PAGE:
Parenthetically, I have never heard of the FBI granting immunity. In my experience, that falls within prosecutorial discretion and not investigative function. Whenever a client tells me an investigator promised leniency in exchange for “doing the right thing”—answering questions, easing his conscience, mitigating consequences of bad behavior, giving the investigator something positive to share with the prosecutor in the target’s behalf—I insist on getting it in writing, and from someone with authority to make the promise (unless it’s too late, the client having fallen for it). To be a capable interrogator, a criminal investigator must be a convincing liar. Believe me, they do not take that as an insult. Lying is part of their job description but lying to them is a crime.
An Immune System of the Body Politic
The Fifth and Fourteenth Amendments to the United States Constitution suggest governments in the United States—federal, state, local—are not despotic. A truism, at best. Conceptually, a person is under no compulsion to participate in his own prosecution through disclosure or confession, but courts have narrowly construed those protections. Courts sanction almost every means creative investigators can imagine to trick people into “voluntarily waiving” their Fifth Amendment rights, short of beating it out of them. Investigators hate it when people lawyer up. I remember a case in which investigators read a drunk target his Miranda rights after lying to him about the purpose for the meeting to get him to come in for questioning. He, and the alcohol, agreed to talk based on the lies they told him about the purpose for the meeting. They then lied to him over 70 more times, using every trick in the book (there is a book), until he gave them what they wanted. The appeals court said his wavier of Fifth Amendment rights was "voluntary." But I digress.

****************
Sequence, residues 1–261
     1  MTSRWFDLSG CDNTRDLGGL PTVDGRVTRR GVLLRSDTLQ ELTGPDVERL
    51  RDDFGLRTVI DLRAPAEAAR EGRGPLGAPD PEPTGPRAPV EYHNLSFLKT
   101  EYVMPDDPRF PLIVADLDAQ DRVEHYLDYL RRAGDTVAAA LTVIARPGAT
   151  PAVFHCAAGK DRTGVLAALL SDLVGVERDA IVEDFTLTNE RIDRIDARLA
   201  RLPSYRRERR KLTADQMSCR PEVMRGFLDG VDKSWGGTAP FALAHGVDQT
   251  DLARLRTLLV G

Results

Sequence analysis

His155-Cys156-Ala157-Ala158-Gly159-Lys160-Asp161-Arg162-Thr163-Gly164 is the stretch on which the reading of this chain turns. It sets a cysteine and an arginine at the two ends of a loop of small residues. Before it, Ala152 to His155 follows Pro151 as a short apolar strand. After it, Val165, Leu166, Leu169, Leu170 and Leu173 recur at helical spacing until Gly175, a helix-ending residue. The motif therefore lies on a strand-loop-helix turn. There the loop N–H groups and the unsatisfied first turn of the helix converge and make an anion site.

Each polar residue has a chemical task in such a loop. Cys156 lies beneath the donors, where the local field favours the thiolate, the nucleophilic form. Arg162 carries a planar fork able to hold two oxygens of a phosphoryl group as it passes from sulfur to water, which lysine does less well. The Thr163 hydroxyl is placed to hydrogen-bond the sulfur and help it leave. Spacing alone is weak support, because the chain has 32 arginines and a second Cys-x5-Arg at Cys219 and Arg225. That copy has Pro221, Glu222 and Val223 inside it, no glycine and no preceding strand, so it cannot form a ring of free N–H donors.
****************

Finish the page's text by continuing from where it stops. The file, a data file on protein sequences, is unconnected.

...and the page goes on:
On occasion prosecutors conclude someone holds information of such importance they are willing to barter for it. Other times the government chooses to compel disclosure through grants of immunity even when its repository has no interest in sharing: if the government gives immunity from prosecution, the recipient can be compelled to disclose but might prefer to sit in jail rather than suffer the consequences of being considered a snitch. Being a snitch can be bad and being dead can be worse.